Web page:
New Ovarian Cancer Data Suggests Larger Role For Top Clovis Drug
Clovis Oncology received a short-cut approval from the FDA last year for its ovarian cancer drug that treats women with the common BRCA genetic mutation. Clovis (NASDAQ: CLVS) said Monday it now has evidence that the drug, rucaparib (Rubaca), can treat a wider swath of patients, and it will ask the FDA for approval this year.
The Boulder, CO, company reported that women in the 564-patient, double-blinded ARIEL3 study fared better on rucaparib than on placebo, whether or not they had tumors driven by the BRCA mutation. The trial studied women who were already faring well from previous chemotherapy treatments. The main goal was to measure how long rucaparib could keep their cancer at bay—what’s known as progression-free survival.
“We clearly are going to apply for approval for the ‘all-comers’ population, which would allow physicians if granted to prescribe rucaparib without [BRCA] testing,” said Clovis CEO Patrick Mahaffy today.
Ovarian cancer will kill about 14,000 U.S. women this year and account for 2.3 percent of all cancer deaths in the U.S. in 2017, according to National Cancer Institute estimates. Like breast cancer, a significant portion of those cancers are driven by the BRCA mutation—about 15 to 20 percent, according to the FDA. Standard treatment is surgery followed by chemotherapy, but Clovis and others are competing to establish a new class of drugs known as PARP inhibitors as part of the treatment mix.
PARP is shorthand for poly ADP-ribose polymerases, enzymes that help cancer respond to DNA damage. Blocking their activity hampers the ability of cancer cells to repair their DNA after the DNA has been damaged by, say, chemotherapy. AstraZeneca (NYSE: AZN) received the first ovarian cancer approval for a drug in this new class in 2014. Tesaro (NASDAQ: TSRO), the subject of buyout rumors, followed with an FDA approval for its PARP blocker earlier this year.
In the new ARIEL3 data released today, the 164-patient BRCA group fared the best, with 16.6 months of median progression-free survival, or PFS, compared to 5.4 months in the placebo group.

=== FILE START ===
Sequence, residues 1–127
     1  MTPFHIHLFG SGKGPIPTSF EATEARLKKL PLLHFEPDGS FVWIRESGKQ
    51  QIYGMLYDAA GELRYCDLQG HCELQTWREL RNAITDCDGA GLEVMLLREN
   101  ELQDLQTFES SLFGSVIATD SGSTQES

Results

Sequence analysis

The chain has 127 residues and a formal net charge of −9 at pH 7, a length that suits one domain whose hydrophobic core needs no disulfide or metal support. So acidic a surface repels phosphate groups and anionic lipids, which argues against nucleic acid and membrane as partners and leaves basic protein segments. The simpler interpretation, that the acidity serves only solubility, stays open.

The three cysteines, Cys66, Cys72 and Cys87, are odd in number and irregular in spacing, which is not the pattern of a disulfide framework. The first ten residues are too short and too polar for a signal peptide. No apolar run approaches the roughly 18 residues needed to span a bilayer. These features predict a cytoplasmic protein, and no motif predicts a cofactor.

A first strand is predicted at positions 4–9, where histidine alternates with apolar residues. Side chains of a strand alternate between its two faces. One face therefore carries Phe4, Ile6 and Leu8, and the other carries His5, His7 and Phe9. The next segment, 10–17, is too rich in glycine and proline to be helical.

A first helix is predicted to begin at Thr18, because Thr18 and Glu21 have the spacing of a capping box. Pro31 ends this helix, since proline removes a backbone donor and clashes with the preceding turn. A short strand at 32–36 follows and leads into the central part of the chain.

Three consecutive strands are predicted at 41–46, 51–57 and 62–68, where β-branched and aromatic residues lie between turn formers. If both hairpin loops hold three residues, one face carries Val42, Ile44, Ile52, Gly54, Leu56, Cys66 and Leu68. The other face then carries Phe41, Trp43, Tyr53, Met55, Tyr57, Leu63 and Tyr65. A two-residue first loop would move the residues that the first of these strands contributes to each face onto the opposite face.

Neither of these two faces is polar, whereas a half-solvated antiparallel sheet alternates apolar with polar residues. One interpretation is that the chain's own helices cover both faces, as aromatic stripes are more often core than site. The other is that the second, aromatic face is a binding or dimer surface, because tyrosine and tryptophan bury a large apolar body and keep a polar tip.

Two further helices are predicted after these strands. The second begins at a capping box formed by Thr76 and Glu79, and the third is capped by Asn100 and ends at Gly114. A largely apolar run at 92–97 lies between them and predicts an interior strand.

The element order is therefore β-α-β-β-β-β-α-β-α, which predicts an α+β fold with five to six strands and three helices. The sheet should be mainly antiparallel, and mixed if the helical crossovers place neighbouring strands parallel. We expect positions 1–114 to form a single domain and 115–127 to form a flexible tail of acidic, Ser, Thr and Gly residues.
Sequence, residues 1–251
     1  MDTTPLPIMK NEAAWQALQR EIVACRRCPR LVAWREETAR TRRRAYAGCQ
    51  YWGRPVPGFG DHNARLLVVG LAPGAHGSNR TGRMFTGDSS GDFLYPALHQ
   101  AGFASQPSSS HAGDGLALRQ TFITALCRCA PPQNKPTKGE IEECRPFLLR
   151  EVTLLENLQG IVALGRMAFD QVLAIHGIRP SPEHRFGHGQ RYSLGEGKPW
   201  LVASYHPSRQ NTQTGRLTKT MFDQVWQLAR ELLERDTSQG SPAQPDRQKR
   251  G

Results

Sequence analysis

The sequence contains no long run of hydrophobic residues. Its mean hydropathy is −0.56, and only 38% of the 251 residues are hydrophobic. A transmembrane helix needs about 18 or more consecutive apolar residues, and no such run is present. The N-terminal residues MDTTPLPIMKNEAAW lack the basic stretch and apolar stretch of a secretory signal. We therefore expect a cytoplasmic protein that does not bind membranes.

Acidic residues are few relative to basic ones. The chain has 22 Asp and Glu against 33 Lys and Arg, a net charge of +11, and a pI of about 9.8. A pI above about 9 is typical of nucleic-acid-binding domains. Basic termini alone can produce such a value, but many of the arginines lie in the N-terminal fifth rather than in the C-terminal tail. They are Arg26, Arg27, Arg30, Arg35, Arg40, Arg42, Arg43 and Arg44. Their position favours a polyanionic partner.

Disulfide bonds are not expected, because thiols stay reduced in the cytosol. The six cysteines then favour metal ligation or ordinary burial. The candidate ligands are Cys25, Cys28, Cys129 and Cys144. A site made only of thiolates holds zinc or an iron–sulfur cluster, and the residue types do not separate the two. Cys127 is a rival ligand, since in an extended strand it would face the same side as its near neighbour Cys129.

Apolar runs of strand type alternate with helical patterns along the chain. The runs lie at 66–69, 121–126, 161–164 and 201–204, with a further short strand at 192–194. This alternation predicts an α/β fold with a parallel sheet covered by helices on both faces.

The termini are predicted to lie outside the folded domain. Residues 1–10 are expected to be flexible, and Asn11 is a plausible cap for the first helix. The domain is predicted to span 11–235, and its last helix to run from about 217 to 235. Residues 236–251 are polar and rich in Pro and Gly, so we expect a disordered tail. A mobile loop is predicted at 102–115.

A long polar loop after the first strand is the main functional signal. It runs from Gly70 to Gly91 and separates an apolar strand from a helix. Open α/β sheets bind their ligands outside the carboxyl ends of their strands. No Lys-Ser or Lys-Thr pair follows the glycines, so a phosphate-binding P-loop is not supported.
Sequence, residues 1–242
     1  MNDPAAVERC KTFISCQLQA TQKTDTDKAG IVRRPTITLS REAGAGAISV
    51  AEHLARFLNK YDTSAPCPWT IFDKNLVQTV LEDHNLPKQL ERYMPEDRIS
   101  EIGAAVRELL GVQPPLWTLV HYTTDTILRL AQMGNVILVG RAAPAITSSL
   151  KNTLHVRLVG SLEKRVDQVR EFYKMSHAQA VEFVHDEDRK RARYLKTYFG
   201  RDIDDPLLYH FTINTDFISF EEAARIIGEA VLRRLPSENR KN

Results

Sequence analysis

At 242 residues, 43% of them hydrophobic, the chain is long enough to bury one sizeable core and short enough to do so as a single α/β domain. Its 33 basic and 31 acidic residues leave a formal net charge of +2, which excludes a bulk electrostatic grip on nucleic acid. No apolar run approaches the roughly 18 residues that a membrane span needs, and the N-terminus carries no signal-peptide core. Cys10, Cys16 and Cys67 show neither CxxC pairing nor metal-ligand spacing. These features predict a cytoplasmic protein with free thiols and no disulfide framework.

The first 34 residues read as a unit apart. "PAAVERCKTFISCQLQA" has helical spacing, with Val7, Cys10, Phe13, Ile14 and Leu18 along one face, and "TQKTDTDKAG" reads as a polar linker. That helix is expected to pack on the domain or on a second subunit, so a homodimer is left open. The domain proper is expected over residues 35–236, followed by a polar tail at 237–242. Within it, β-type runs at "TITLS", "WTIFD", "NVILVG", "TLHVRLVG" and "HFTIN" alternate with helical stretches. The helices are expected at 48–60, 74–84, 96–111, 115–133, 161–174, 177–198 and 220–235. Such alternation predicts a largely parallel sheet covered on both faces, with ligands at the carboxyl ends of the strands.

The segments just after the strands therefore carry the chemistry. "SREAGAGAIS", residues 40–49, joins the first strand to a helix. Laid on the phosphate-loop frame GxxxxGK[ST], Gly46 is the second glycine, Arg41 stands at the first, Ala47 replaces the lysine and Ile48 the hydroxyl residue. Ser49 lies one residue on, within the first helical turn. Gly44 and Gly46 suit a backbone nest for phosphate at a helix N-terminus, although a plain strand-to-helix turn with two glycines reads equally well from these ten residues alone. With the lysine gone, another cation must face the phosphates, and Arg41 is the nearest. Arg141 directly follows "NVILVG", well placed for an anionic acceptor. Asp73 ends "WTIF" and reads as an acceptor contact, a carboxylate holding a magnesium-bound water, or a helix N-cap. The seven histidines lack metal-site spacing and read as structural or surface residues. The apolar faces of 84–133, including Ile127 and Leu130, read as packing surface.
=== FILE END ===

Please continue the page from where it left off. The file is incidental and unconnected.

A larger subset of 354 patients whose disease is driven by a general failure of cells to repair themselves, which include those with BRCA mutations, also fared well with 13.6 months of PFS. Finally, everyone who received rucaparib in the study regardless of BRCA status also fared better than placebo, with 10.8 months of PFS, double the placebo rate.
Those data came from doctors working alongside Clovis. The firm said an independent review board also crunched the data and came up with data even more favorable to rucaparib.
The most prominent side effect was anemia, which affected 19 percent of patients on rucapirib. A fuller set of data from Clovis will come later this year at a medical conference.
Clovis said it would use the data to ask for FDA approval of rucaparib in patients who have already been treated with two or more types of chemotherapy. The company has a rocky track record with drug approvals. Before rucaparib received a conditional approval last December, Clovis had brought its lung cancer drug rociletinib to the FDA for review, then received a rejection one month before the agency’s deadline for a decision. Clovis announced it was pulling the plug on rociletinib, the end of a long chain of events that raised investor ire and drew the attention of law enforcement.
The rociletinib controversy continues. Clovis also disclosed Monday that it has earmarked $142 million to settle a class-action lawsuit stemming from its promotion of rociletinib in the run-up to the FDA’s rejection. The proposed settlement payout would mainly come in the form of Clovis shares worth $117 million.
In its disclosure, the company maintains it did nothing wrong. Federal agencies including the Securities and Exchange Commission and Justice Department continue to investigate the company, according to the announcement.
All told, the ARIEL3 data and the proposed settlement pushed Clovis shares up nearly 50 percent to $88.48 in mid-day trading.
PARP blockers have had their share of ups and downs, but after some high-profile setbacks, AstraZeneca won FDA approval of the first PARP-blocking drug, olaparib (Lynparza) in 2014. Like rucaparib, olaparib was approved for patients with certain forms of ovarian cancer and defective BRCA genes who have failed multiple chemotherapy regimens. Tesaro’s niraparib was approved earlier this year for ovarian cancer patients who have failed chemotherapy but, unlike its competitors, does not require a companion diagnostic test for the BRCA mutation.
Tesaro shares are down nearly 1.5 percent to $142.21.